All Americans have a 4th Amendment right to be free of “unreasonable searches and seizures” — which is routinely violated by the TSA in our airports — but this doesn’t seem the least bit unreasonable.
The Wells Fargo at Chambers and Hampden was robbed just before closing time on Saturday. Shortly afterwards police shut down the intersection of Buckley and Iliff just southeast of the bank, corralling nearly two dozen cars in search for the suspect.Police Chief Daniel Oates on Monday apologized to the innocent bystanders that got caught up in the search for the suspect. Oates also said the ends justify the means since the suspect was caught.
The police are still apologizing for the inconvenience and trauma to all of the motorists caught up in the sweep, but insist that there was no question of the location of the suspect.
“We had a virtual certainty that the bank robber was in one of those cars,” Oates said.
Officers did find the suspect in one of the cars, and he will likely face bank robbery charges in federal court, Oates said. Investigators also found a beekeeper mask they say the man wore during the robbery as well as two pistols connected to the crime, he said.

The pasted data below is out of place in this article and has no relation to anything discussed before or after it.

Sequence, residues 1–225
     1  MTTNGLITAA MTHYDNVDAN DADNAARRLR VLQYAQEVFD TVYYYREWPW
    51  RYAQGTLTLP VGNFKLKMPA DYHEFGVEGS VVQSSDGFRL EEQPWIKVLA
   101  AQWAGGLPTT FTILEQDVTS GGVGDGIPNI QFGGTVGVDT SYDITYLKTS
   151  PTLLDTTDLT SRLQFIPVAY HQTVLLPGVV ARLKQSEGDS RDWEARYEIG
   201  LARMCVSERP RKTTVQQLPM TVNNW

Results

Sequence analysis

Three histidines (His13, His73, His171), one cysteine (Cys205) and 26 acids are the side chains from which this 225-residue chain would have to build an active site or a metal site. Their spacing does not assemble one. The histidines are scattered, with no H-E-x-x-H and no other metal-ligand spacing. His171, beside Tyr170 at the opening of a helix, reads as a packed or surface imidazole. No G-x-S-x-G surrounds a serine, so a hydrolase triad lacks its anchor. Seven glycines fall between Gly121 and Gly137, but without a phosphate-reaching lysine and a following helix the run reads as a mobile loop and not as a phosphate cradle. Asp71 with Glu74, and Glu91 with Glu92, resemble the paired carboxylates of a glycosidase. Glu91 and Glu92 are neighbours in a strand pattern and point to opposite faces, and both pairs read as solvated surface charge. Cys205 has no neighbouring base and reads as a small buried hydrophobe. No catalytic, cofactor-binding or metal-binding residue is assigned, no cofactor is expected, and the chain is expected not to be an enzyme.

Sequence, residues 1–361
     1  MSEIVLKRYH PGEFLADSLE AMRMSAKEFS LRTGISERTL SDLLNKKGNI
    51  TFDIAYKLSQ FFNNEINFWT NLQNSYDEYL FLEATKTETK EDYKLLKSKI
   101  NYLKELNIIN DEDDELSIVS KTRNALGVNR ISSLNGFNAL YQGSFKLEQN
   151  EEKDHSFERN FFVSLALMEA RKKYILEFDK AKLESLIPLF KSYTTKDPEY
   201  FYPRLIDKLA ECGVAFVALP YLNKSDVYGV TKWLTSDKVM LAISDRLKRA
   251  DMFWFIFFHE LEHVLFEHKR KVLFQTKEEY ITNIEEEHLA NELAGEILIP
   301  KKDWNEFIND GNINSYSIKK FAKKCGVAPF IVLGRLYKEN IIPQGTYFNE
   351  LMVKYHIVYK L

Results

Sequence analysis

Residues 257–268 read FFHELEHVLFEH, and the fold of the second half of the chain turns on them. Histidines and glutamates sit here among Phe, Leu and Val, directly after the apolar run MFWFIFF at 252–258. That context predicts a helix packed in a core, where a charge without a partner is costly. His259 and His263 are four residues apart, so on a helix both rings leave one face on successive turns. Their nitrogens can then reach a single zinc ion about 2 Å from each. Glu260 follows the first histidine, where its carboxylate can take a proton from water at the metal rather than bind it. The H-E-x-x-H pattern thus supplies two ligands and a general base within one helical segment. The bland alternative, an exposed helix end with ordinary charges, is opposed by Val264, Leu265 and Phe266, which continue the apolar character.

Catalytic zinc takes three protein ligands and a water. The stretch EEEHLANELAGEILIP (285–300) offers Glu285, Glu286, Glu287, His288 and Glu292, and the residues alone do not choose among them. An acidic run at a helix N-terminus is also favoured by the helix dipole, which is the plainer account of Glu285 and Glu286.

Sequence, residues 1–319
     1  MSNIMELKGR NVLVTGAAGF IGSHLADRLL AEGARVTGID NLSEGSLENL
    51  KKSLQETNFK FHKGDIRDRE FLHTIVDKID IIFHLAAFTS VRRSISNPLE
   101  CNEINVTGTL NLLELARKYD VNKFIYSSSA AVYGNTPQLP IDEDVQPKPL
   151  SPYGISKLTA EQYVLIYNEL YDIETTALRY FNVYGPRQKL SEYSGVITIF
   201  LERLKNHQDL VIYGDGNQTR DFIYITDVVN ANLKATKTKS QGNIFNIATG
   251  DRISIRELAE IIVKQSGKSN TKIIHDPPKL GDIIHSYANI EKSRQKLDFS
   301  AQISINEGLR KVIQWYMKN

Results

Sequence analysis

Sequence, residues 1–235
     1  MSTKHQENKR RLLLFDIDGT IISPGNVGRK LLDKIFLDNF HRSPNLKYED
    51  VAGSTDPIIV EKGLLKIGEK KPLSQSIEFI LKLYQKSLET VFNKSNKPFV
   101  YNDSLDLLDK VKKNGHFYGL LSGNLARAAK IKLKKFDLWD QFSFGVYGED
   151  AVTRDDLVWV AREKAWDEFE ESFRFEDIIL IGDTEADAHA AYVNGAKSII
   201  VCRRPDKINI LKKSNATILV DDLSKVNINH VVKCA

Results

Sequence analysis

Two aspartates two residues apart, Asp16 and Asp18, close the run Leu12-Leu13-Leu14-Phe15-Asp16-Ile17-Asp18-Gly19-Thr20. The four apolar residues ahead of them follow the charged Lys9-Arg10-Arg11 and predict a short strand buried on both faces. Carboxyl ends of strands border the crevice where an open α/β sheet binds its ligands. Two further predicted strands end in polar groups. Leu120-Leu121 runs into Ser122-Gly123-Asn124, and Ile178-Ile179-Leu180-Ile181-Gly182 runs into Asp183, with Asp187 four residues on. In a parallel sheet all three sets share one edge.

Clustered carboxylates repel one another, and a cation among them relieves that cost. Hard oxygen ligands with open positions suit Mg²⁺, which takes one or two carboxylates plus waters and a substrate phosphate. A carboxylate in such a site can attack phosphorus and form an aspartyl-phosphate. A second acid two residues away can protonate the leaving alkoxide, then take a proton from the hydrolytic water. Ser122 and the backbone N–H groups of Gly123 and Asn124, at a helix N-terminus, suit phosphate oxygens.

…But now some of the motorists are raising questions as to whether their civil rights were violated with the mass detention. And adding insult to injury, the lawyer for the suspect is already claiming that his client initially refused the police demand to search his vehicle until he felt “pressured” to do so and that all the evidence obtained from the search – money, guns, beekeeper mask – should be thrown out. (No link on that portion of the story yet, but CNN is covering it on their morning lineup.) Seriously?…
So how did they have a “virtual certainty” that the bank robber would be found at that location? The bank teller had inserted a GPS device in the bag of money they gave the suspect and the police were tracking him. When it became obvious that the getaway car was approaching a choke point in the traffic, officials moved in, shut it down and began methodically going through every car at that intersection. And they found the guy, who the police described as “extraordinarily dangerous.”
It is too bad that some innocent people were temporarily inconvenienced, but their constitutional rights weren’t violated. After all, if a GPS device alerts you that money that was just stolen in a bank robbery is in 1 out of 10 cars in a particular area, it hardly seems “unreasonable” to search those 10 cars. By any standard, that’s considerably more “reasonable” than what the TSA does, random highway checkpoints set up by the police, or even police searching the trunk of your car if you forgot your driver’s license. While our legal system should begin with a presumption of innocence, we’ve gone beyond that and have tilted it heavily in favor of the criminal. Giving them yet another get-out-of-jail free card because the police can’t use their “psychic powers” to determine which one of 10 different cars the crook is in would be insane.